The weight rooms at most gyms are packed with all kinds of heavy equipment, from machines to dumbbells to battle ropes. But, one of the most powerful moves that you can do only takes one little piece of gear—a kettlebell. A simple kettlebell swing is an explosive exercise that strengthens your core, hips, and glutes in very few reps.
But, of course, that’s only if you’re doing it right. “A basic swing is actually a variation of a deadlift,” explains Kelvin Gary, owner and head coach of Body Space Fitness in New York City. “You want to make sure that you are using the right muscles and extending from your hips, using your glutes and not your back. Proper form during a swing will ensure that you get the full benefit of the moment, while reducing your risk of injury.”
Unfortunately, he says, it’s super-common to see people doing a kettlebell swing by powering it with their arms. This strains your shoulders. Or they do it bending over, rather than hinging from the hips. This places a lot of pressure on your back.
To get the biggest benefits from this powerhouse move—and sidestep any aches and pains—follow these five easy tips.
Choose the Correct Weight
If you pick up a kettlebell that’s too heavy, your form will break down. You might also wind up getting hurt. If it’s too light, you won’t get much out of it. Start on the lower end and work your way up until you find a weight that feels right. We recommend starting with a weight that equals the lightest dumbbell you can lift comfortably but that still challenges you. For some that might be 8 lbs. For others, that might be 15-20 lbs. Pay attention to how you feel to make sure that you didn’t go up too far. If you have any pain in your lower or upper back or shoulders, that’s a sign that you need to dial it down, says Gary.
Get in position.
Don’t begin the motion by standing with the weight already in your hands. You’ll likely have to power it up with your arms if you do. Start with the kettlebell on the floor in front of you and take one step back. Keeping your legs straight (but not locking your knees) and feet hip-width apart, hinge forward from your hips and reach down to hold the handle with both hands. “From that point, you pull the bell up and between your legs before thrusting your hips forward to start your swing,” says Gary. This simple adjustment helps you begin the movement with a little momentum.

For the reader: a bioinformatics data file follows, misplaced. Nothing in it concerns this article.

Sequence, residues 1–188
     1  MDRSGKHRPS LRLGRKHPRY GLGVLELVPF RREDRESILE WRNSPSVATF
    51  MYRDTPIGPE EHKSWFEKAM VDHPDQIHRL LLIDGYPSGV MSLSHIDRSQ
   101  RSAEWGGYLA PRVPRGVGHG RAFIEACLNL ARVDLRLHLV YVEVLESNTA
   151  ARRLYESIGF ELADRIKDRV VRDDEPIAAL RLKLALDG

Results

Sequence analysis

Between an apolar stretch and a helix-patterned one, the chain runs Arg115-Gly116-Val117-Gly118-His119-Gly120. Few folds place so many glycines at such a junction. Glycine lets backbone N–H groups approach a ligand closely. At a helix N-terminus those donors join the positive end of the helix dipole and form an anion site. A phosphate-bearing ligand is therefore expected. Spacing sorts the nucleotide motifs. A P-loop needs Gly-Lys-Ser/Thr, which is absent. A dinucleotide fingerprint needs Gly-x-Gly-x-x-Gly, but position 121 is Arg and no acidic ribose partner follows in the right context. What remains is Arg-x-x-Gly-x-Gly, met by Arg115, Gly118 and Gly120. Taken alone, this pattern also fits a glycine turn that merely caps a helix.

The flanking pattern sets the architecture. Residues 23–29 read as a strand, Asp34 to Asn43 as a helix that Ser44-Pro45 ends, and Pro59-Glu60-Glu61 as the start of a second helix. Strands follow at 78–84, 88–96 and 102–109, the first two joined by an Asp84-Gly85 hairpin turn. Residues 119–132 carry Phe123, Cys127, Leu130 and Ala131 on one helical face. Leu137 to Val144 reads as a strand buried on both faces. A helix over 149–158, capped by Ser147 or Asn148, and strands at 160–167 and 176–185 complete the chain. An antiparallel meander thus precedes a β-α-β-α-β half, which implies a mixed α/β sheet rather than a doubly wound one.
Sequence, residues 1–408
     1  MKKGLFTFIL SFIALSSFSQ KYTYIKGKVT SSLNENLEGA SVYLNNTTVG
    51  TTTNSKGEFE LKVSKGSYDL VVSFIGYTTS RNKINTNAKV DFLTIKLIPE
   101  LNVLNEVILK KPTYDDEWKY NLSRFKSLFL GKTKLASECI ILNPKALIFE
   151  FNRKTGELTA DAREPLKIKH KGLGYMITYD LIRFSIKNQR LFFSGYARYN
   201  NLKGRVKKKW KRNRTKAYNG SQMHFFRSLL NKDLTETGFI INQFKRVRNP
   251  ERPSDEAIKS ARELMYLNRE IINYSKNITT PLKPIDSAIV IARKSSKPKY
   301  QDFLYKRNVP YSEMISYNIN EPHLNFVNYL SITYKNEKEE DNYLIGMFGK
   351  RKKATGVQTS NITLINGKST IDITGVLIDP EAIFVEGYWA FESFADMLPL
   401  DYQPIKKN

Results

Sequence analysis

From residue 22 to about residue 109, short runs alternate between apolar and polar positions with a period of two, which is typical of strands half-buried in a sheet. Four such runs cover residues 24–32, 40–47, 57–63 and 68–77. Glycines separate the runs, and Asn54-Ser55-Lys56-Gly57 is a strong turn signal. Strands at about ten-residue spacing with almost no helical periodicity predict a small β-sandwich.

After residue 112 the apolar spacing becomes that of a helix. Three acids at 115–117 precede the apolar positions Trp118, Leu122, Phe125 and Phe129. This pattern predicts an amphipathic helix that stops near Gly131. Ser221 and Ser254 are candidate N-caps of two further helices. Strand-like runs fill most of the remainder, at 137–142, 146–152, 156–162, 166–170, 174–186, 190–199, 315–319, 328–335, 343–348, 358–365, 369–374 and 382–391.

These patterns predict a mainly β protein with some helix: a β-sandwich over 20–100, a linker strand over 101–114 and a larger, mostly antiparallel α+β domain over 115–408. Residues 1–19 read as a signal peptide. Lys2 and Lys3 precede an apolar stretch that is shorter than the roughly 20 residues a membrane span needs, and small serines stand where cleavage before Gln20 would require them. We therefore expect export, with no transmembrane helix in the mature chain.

Feel the power.
Whatever you do, make sure that you don’t rely on your arms to complete the movement. This is the number-one mistake that Gary sees people make when it comes to the kettlebell swing. Instead, focus a little farther down. “The power comes from your glutes, which you forcefully contract to propel your hips forward, transferring that force through your core to your hands, where the bell is attached,” says Gary. You shouldn’t feel much strain in your arms. The move is meant to strengthen your total core. After you reach the top of the arc (no higher than shoulder height), let momentum swing the weight back down between your legs as you hinge at the hips.
Doing your kettlebell swings in front of a full-length mirror can help you make sure that you’re moving with correct form. Even better: Record yourself doing them, suggests Gary. A view from the side will let you see whether you’re actually hinging forward from the hips and powering the movement from your glutes and hips.
Don’t forget to breathe.
Gary often sees gym goers hold their breath while working with weights. This makes the moves all the more difficult. Especially with a powerful motion like the kettlebell swing: “Forceful breathing not only contracts the core, helping to protect the spine, [but] it also helps with force transfer from your lower body to the kettlebell,” he says.